Halfway House Primary School Governors
What governors do?
Governors make a difference. They have a strategic role supporting and challenging the headteacher.
And it is more than having something that looks good on a CV.
You have to put some time in. The exact amount of time depends on the particular circumstances of your school.
It needn't be daunting and it can be an interesting and rewarding experience.
Working for the best interests of the children, the school and the wider community.
Governors work as a team, in the best interests of the children and the school, to raise educational standards.
More specifically, they
Appoint the headteacher, who has day to day responsibility for everything that happens in a school and is accountable to them.
Agree how the school's money is allocated.
Agree policies about the way the governing body and the school work.
Ensure new initiatives and guidelines from the Department for Education and the education authority are put in place.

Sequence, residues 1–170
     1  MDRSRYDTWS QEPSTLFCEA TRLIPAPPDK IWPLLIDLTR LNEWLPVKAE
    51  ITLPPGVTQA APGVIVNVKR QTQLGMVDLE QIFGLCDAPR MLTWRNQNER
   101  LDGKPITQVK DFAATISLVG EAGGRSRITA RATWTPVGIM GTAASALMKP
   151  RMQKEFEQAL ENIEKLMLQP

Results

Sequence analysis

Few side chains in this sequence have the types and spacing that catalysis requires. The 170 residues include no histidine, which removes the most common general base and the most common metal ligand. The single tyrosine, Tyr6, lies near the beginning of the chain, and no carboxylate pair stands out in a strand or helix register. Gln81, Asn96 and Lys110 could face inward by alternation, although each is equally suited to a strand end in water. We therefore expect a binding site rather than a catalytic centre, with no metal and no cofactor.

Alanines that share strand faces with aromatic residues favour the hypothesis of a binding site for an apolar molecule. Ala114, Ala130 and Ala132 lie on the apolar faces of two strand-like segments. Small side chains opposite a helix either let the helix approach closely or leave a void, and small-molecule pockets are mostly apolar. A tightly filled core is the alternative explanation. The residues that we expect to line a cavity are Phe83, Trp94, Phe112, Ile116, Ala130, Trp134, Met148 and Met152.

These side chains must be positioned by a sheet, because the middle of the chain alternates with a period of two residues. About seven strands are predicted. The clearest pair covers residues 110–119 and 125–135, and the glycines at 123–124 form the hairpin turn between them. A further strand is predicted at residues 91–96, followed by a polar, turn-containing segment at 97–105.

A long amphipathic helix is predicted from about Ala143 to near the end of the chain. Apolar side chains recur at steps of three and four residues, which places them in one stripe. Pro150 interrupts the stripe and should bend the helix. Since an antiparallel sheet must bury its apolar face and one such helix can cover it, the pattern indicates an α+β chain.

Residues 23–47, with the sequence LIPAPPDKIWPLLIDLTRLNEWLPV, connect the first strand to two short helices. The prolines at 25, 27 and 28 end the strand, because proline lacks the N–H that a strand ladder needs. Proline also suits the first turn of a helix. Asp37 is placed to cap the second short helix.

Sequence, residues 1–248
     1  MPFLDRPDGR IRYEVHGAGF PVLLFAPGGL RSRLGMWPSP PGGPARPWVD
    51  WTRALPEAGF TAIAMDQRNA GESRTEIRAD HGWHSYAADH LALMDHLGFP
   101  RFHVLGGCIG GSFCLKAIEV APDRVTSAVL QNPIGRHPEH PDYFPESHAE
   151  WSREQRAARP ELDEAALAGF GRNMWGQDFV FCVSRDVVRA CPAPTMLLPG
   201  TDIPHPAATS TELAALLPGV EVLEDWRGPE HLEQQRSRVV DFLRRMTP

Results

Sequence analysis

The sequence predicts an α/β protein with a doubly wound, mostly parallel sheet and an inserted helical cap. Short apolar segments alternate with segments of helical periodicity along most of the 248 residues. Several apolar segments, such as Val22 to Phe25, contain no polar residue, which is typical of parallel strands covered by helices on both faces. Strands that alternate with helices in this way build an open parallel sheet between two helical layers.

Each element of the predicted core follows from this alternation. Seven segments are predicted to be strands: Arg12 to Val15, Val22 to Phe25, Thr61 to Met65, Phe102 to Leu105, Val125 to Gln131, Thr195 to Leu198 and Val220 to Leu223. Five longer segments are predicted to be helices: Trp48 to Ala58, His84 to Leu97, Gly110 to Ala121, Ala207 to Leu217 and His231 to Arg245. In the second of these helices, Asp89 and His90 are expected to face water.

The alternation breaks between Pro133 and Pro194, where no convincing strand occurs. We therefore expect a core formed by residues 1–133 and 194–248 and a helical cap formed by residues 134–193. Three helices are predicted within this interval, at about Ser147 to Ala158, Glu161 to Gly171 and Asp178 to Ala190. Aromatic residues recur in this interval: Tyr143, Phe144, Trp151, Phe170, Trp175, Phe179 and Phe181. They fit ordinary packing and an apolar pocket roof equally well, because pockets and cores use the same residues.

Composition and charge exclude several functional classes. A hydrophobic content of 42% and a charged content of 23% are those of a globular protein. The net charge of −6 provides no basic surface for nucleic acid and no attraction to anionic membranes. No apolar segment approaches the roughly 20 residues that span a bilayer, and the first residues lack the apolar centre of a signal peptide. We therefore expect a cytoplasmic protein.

More widely, schools are increasingly becoming a focal point in the community they serve.
Some open their sports facilities to the community while others offer education and life improving chances for adults.
So you could influence community involvement with your school.
A governing body is not a supporters club. Governors are not there to 'rubber stamp' decisions.
You have to be prepared to give and take and be loyal to decisions taken by the governing body.
You may become involved in confidential matters and must respect that confidentiality.
When a school is inspected by the Office of Standards in Education (Ofsted), the effectiveness of the school and its governors is taken into account.
Meetings and time as a governor
The full governing body usually meets at least once a term and to be effective and remain a governor, you should attend.
Most of the governors' work is done in committee meetings when financial, staffing, curriculum and premises issues are discussed in detail.
You would be expected to join one or two of the main committees and they would also meet at least once a term.
They may meet more often if, for example, there is a lot of building work going on.
And there are other occasional committee meetings that you might be asked to join, from time to time.
Time in post
Governors are usually in post for four years and may serve for longer.
If you need to give up because your circumstances change, the governors may be sorry to lose you, but will understand.